I’m often asked what my office and my desk look like. Well, here it is — in an interactive format! Just scroll/cursor/mouse over the strange collection of stuff on my desk, and a box pops up with an explanation or a backstory. Yes, I really do keep all this junk on my desk. It’s not representative, I’m sure, of any or all writers. Just one writer’s idiosyncratic writing space . . .
My favorite everyday pen: Uniball Gel Impact (1.0mm point). I buy them by the case. Either I go through them really fast or people keep "borrowing" them.
Antique oak perpetual calendar (from around 1900). Actually quite a pain—you have to remember to turn the knobs everyday to change the day and date. I usually forget.
One of the first bottles of Pepsi-Cola ever produced in the Soviet Union—a gift from Pepsi's former CEO, Donald Kendall, whom I interviewed for my first book. Kendall was the guy who brought Pepsi to Russia and made Russians' teeth even worse
The International Thriller Writers Association "Thriller" award for the best novel of the year was given for KILLER INSTINCT a few years ago. I'm proud to be only the second recipient of this award.
The desk itself is a nineteenth-century library table made of quarter-sawn oak. Eight feet long and it's still cluttered with tchochkes.
Antique brass paper clamp in the shape of a lady's hand. These were popular in Victorian England. I don't know why. It's very "Addams Family."
Magic Rub—if you still use pencils, as I do, these are by far the best erasers. It's what they use in The New Yorker's art department. So do most cartoonists and comic-book artists.
A bobblehead of moi, which bears an unnerving resemblance to myself. A gift from a friend. Kind of weirds me out—like out of a "Twilight Zone" episode.
An Edgar Allan Poe bobblehead. No, it's not an Edgar award (I wish). They're given out by the Mystery Writers of America at the annual Edgars banquet.
Sure, this may look like cheap yellow scrap paper to you, but they don't make it anymore. It's Sphinx Saxon Manila 33B, and fortunately I stocked up on the stuff before they discontinued it. I recently read an interview in Paris Review with the great writer Norman Rush, author of Mating, who mentioned that he types drafts on his "ancient, beloved Sphinx Saxon Manila 33B. (I can't get it anymore—if anyone has a stock, I'd be grateful.)" Now I feel that nothing I scrawl on these flimsy yellow sheets can possibly be… Saxonworthy.
The perfect espresso—made by my Nespressso C100 Essenza automatic espresso machine. I'm addicted. I don't smoke and rarely drink, so this is my only . . . well, one of my few vices. Espresso cup from Italy of course.
This Victorian brass hourglass, a gift from my wife, was used in a bunch of movies including "Indiana Jones: Kingdom of the Crystal Skull," "Jacob's Ladder," "Perfect Stranger," and several episodes of "Law & Order." I use it as a productivity tool. I'm not allowed to check my e-mail until the sand has run out, marking exactly 60 minutes.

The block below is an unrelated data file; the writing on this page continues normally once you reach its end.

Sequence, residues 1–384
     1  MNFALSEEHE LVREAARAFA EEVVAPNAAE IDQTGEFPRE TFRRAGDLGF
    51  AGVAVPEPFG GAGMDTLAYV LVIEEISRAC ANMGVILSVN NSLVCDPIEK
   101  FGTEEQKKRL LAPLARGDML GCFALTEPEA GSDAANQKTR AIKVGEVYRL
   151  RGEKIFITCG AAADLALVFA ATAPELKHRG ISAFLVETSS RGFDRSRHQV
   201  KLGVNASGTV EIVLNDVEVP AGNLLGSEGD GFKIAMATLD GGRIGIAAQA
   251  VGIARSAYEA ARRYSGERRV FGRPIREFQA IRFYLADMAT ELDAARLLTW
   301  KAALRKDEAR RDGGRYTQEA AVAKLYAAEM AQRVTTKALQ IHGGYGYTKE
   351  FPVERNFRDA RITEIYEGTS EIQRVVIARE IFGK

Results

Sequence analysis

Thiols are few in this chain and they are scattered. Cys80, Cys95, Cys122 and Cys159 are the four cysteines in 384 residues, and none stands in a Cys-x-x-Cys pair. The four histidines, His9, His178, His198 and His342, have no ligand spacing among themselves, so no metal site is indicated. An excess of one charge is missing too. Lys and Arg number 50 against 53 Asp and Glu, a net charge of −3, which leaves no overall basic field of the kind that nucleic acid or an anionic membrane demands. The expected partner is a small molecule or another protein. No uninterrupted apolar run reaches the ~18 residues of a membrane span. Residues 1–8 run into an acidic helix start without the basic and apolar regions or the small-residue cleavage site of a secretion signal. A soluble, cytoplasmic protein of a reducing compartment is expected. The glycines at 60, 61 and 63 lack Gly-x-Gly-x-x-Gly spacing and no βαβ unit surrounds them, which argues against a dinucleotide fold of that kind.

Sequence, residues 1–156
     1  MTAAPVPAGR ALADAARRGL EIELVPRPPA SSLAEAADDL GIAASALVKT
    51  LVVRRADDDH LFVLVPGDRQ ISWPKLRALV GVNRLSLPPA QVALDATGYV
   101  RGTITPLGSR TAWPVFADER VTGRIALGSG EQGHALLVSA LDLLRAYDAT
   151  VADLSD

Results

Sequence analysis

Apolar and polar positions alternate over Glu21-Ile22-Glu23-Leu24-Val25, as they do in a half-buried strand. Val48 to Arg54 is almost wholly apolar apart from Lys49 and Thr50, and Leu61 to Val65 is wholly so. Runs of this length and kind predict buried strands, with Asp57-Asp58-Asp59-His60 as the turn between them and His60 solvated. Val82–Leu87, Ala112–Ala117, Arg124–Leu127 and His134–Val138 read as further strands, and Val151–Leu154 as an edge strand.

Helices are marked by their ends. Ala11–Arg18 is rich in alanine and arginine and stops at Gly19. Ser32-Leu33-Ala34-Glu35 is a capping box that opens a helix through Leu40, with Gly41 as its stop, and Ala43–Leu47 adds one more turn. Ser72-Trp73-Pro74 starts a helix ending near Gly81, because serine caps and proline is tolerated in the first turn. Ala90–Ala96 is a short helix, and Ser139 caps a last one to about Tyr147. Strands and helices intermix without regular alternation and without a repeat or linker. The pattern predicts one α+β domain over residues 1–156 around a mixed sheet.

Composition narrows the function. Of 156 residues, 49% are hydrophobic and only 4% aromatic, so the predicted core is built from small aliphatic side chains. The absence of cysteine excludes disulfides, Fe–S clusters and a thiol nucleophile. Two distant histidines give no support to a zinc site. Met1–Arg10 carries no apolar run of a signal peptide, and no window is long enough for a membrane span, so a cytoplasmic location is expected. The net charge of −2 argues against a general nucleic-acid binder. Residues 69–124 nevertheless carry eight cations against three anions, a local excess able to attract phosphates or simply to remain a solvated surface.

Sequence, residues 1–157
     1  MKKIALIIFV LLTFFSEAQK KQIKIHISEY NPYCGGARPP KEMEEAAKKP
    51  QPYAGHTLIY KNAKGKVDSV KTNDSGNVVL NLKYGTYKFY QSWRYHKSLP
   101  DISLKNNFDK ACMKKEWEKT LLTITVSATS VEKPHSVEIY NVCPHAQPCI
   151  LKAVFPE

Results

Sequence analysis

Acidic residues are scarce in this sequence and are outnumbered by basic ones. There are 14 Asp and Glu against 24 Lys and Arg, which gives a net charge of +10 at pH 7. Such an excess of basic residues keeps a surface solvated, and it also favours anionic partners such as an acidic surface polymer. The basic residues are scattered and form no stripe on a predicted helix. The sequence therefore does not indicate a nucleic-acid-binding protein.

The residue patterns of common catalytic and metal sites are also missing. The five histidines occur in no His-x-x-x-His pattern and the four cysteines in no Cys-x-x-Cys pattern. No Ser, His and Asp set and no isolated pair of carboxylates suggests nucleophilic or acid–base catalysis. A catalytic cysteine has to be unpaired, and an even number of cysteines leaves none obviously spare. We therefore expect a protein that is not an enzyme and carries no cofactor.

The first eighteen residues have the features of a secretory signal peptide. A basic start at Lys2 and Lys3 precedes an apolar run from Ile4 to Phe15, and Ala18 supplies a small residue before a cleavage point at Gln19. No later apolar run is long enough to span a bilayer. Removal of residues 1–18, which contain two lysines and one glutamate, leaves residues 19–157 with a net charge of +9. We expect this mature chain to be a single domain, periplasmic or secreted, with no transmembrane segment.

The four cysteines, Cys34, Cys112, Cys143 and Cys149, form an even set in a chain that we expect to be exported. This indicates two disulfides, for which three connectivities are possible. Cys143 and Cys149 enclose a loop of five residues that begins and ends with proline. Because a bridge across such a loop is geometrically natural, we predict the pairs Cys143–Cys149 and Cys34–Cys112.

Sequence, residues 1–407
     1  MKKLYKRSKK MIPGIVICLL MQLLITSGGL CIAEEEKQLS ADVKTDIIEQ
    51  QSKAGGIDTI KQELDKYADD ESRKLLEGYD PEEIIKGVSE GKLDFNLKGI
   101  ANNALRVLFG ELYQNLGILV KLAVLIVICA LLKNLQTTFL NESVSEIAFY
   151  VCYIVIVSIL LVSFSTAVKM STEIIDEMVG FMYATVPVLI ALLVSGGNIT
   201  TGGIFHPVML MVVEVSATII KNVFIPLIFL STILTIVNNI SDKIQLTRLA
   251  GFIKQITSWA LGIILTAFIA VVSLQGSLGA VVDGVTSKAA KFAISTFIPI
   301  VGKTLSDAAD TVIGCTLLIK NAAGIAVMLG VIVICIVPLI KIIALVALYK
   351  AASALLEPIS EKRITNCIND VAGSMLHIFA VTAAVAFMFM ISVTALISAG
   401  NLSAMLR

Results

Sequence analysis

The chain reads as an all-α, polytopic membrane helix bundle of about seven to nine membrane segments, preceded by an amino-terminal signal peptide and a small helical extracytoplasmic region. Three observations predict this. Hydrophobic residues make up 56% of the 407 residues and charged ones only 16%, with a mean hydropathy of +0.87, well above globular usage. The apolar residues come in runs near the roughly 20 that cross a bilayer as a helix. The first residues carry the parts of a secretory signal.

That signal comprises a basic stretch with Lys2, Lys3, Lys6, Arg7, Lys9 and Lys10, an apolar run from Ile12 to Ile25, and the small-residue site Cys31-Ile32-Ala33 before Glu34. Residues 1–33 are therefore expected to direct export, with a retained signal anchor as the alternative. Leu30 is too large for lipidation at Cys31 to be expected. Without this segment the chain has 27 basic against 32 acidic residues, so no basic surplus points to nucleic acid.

Antique bookstand I use to hold manuscript pages while I enter changes into the computer. I saw one just like it in an episode of "West Wing," used by Martin Sheen's President in the Oval Office, and I asked the set decorator where I could find one too.
When I was a kid I loved the "Batman" TV series, and I always wanted my own bat phone. So my brother, Dr. Jonathan Finder, a renowned pediatric pulmonologist who restores and sells old telephones on the side (including to Hollywood prop masters), custom-made me one by converting an old 500 model rotary dial phone. Then an electronics genius friend of his, Steve Hilsz—who also happens to be a fan of mine!—wired it with LEDs so it flashes instead of ringing. I'm still waiting for my own bat cave with pole.
Part of my stash of Blackwing 602 pencils, the best pencil ever made, beloved by writers from John Steinbeck to Stephen Sondheim. Fortunately, a company named California Cedar Products has recently started making them again.
Blue Bell cobalt glass paperweight, a gift from my brother Jon. A century ago, the Bell Telephone companies used to give them to employees and good customers to keep their papers from flying off their desks in those primitive pre-AC days when the electric fans were blowing.
A scale model of a cargo jet, a gift from Astar Cargo, which allowed me to climb around inside one of their planes while I was researching the opening scene in VANISHED.
Vintage brass owl paperweight. Found it on eBay after seeing one of them used as a crucial prop on a terrific, short-lived AMC TV series, "Rubicon" and asking the creator, Henry Bromell, where they got it. Answer: eBay.
Where's the computer, you say? Well, here's a corner of the keyboard. The 30" Apple Cinema Display is just off screen.